Severe foot pain can be very debilitating. After all, it can make even the simplest of tasks difficult to perform and lead to discomfort from when you get up in the morning to when you go to bed. If you are suffering, you will be looking for solutions and, ideally, something that is non-invasive. The good news is that shockwave therapy may be the answer, but what is involved if you've never heard of this?
Radial Pressure Waves Therapy
Podiatrists now have access to several different types of shockwave therapy for a number of conditions, such as Achilles tendonitis or plantar fasciitis. One such solution involves radial pressure waves in a technique that was originally used to treat kidney stones.
Course of Treatment
This is a safe, effective, non-invasive treatment to treat chronic soft tissue issues. The patient will typically require several sessions, but it is possible to get some relief after just one visit. Each visit should only last a matter of minutes, and the treatment is simple to administer. The shockwave therapy also stimulates collagen production to help with general mobility.
Some people use this approach to try and revive any previous treatment due to long-standing conditions or injuries. It can help to disintegrate any tendon calcifications and stimulate regeneration while encouraging the formation of new blood vessels in the area.
Some patients report a limited number of side effects, and it's important to be aware of that possibility. However, these are generally mild and tolerable; any initial pain should dissipate within hours of the treatment. You might also notice a small amount of swelling or mild bruising at the treatment site.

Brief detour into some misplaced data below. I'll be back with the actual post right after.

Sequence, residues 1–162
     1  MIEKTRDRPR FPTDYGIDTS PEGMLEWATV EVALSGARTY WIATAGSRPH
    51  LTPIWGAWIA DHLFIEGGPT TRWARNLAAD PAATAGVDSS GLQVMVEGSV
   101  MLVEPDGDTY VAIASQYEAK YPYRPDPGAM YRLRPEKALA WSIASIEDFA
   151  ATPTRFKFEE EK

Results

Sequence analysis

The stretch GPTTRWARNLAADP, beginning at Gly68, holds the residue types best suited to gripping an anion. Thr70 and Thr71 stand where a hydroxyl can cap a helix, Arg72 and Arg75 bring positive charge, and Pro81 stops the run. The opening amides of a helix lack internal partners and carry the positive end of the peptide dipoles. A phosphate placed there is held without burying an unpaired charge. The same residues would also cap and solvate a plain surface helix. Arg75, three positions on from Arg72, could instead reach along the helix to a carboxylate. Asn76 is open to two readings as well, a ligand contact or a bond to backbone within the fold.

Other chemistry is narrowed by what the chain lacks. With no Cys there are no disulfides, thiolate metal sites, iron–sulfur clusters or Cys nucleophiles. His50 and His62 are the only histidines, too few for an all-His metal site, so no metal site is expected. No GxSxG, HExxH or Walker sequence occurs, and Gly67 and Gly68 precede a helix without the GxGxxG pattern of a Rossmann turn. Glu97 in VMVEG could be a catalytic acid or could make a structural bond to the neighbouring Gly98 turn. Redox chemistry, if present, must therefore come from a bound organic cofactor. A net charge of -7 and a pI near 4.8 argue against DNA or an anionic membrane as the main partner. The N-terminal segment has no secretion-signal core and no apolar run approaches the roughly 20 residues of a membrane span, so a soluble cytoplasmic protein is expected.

How the Process Works
When you get to the treatment room, the clinician will apply a small amount of ultrasound gel to the injured area. They will then place a special handpiece on top of the gel, allowing them to administer the treatment. Pulses of shockwave energy will be generated by compressed air, which may either generate tenderness or no pain. The practitioner can adjust the pulse's intensity and settings if you prefer.
A Better Solution
In the past, doctors may have advised surgery to try and alleviate the worst cases of Achilles tendonitis, but shockwave therapy is a much simpler and certainly less invasive option. So, if you've had enough of your foot pain and want to return your life to some sense of normality, get in touch with your podiatrist today. They will discuss your case and advise a course of action.
Contact a podiatrist to learn more about shockwave therapy.